Yet how does this translate into an esthetic event? How do we manage to engage ourselves with the spectacle he provides if we feel that our every act is observed and judged? Doesn’t the act of looking at art predicated by a certain leisurely freedom? By enveloping us with phenomenological installations which manifest their ideological basis but remain putatively indifferent. Zansky’s American Panopticon is characterized by a passive yet loaded state of existence in which everything is in motion, intermittently illuminated, creating interdependent spectacles that draw our attention to a procession of scenes. The viewer inhales the air of mystery animated by a single object reflected in the convex surveillance mirrors, becoming party to aesthetic and symbolic power. One is guided not only into a moment of esthetic recognition but into a world-view.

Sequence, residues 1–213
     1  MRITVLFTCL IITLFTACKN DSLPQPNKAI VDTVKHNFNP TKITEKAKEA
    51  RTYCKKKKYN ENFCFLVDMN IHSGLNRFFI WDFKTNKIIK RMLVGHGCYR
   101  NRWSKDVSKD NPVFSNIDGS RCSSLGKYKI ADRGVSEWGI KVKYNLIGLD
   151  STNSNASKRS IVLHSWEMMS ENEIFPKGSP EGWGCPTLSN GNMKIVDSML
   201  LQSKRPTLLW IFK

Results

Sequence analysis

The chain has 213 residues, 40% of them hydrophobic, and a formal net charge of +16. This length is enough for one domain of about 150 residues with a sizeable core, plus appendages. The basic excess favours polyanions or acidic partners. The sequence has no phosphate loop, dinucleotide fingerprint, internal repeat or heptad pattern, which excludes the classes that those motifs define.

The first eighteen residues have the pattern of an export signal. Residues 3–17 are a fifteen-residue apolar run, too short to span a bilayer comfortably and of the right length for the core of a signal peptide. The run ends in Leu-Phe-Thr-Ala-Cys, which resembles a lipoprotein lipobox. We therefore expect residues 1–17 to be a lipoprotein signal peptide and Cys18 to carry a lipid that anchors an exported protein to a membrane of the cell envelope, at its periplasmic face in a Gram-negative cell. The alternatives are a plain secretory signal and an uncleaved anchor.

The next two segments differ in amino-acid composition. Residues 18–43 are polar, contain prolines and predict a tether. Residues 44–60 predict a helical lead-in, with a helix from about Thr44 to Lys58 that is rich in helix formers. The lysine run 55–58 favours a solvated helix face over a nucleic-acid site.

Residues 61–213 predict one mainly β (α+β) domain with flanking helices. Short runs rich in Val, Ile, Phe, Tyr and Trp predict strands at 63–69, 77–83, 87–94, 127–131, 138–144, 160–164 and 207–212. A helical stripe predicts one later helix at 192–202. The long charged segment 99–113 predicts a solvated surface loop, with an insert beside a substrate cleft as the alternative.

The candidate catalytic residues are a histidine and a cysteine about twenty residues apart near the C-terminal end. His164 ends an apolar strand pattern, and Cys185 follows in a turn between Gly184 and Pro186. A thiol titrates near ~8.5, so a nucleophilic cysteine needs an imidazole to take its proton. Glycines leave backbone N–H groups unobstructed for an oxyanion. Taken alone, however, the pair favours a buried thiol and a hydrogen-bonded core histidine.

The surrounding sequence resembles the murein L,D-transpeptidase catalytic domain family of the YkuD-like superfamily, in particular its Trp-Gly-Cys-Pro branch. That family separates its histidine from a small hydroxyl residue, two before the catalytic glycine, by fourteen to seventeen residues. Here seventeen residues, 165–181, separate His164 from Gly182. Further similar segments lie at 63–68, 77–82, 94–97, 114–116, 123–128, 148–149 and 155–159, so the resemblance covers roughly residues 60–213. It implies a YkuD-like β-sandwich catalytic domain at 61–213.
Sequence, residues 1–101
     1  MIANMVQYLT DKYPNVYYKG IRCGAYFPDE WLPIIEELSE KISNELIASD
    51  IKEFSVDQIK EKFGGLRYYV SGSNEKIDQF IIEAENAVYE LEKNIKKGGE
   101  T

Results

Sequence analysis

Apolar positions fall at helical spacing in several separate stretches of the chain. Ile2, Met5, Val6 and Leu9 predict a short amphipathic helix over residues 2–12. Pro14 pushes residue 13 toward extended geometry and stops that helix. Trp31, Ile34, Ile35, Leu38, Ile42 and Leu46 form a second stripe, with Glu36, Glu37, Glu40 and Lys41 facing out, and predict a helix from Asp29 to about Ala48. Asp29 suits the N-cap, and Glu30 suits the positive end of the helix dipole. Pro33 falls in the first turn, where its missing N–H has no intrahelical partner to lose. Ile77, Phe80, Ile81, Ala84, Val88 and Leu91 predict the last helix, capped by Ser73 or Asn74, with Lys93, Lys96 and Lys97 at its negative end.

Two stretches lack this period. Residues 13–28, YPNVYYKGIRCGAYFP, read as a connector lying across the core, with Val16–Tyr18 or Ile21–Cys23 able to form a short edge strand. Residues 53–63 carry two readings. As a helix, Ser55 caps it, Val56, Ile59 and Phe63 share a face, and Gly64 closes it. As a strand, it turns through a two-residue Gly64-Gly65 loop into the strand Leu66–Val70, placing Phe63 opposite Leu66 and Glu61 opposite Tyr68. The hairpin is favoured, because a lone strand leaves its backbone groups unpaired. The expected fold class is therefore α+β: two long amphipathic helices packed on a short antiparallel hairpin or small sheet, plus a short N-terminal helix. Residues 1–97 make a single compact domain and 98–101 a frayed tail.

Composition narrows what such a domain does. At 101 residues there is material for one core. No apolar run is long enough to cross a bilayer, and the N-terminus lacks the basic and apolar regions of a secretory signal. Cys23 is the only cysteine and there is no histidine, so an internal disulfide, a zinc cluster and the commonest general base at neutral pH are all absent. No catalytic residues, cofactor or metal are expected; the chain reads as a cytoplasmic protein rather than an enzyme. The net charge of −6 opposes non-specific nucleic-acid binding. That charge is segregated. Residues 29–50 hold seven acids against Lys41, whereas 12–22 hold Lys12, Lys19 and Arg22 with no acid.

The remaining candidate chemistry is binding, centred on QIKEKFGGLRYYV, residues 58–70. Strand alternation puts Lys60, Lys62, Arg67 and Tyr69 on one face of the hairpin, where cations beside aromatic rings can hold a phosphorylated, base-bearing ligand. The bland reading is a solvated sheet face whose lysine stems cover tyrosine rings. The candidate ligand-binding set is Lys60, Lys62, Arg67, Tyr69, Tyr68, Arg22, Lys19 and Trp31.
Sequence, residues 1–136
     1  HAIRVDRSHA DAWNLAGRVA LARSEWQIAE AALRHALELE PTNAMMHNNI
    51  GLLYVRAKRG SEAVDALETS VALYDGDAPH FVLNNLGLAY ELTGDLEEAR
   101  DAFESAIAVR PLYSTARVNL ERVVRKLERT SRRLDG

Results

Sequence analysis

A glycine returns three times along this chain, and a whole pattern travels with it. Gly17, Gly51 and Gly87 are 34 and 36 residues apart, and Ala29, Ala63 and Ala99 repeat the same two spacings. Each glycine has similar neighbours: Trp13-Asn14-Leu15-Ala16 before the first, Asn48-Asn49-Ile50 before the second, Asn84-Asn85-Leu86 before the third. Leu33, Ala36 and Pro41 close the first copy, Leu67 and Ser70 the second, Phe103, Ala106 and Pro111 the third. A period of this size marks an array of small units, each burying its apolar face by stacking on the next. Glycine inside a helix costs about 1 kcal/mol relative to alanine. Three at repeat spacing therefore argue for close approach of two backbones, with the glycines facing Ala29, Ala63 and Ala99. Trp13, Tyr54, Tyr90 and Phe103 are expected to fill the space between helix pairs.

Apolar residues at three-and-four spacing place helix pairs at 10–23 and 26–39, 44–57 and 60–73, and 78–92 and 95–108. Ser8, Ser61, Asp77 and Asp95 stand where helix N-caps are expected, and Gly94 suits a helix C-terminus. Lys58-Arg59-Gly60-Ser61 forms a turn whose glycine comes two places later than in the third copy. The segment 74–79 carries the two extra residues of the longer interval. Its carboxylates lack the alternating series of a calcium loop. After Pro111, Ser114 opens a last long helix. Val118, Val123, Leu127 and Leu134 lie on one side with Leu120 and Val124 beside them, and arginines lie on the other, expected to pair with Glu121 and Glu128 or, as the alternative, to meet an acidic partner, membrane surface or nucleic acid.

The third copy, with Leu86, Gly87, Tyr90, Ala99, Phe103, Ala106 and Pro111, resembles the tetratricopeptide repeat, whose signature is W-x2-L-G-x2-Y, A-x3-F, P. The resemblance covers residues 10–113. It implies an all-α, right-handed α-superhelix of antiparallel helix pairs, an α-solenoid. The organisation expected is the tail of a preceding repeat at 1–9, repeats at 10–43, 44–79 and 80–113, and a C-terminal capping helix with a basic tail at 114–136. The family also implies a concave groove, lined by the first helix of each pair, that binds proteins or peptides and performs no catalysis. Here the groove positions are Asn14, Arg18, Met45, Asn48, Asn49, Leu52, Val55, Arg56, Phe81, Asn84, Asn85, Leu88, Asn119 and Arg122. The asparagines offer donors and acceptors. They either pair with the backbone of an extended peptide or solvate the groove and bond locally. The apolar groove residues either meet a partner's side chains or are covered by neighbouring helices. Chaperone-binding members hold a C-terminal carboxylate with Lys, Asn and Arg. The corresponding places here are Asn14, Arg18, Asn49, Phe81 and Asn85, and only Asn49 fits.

Zansky gives us the canine resurrection; the second gallery becomes a Plato's Cave, where a projected shadow dog seizes the enormous space with a Lockean sense of property. Again, a lensed arrangement of a urethane dog, glass globe, surveillance mirrors, and carved wood elements provide the earthly elements. The globe, a reference perhaps to the Judgment of Paris, the mirror to Van Eyck's "Arnolfini Portrait," the wood a nod to The Crucifixion. A Bat-Signal searchlight traces out arcs on the far wall, referencing celebrity culture as well as a metaphysical search for enlightenment. The mirror, like our position when viewing "Las Meninas" allows us to see the actors in the scene, but not ourselves; the mirrors suggest temporal, earthly existence and Vanity. We are positioned so that we only see the impure, shadow version of the reincarnated dog, moving obliquely across the cavernous wall. This mise–en-scene suggests a primitive, or primal, version of what the Dominican Fra Michele da Carcano suggested was of essential importance to art with regard to our enlightenment. "On account of the ignorance of simple people, so that those who can't read…can yet learn…of our salvation," Carcano wrote in 1492, and "Images [are] introduced because many cannot retain in their memories what they hear, but they do remember if they see." The object of the dog, placed in illuminated isolation in the center of the room, is radically contrasted with its shadow, which is refracted and projected on the wall. From afar we see only a slim and penitent creature that exists to fulfill a specific bidding, whether as a beast of burden or as man’s best friend.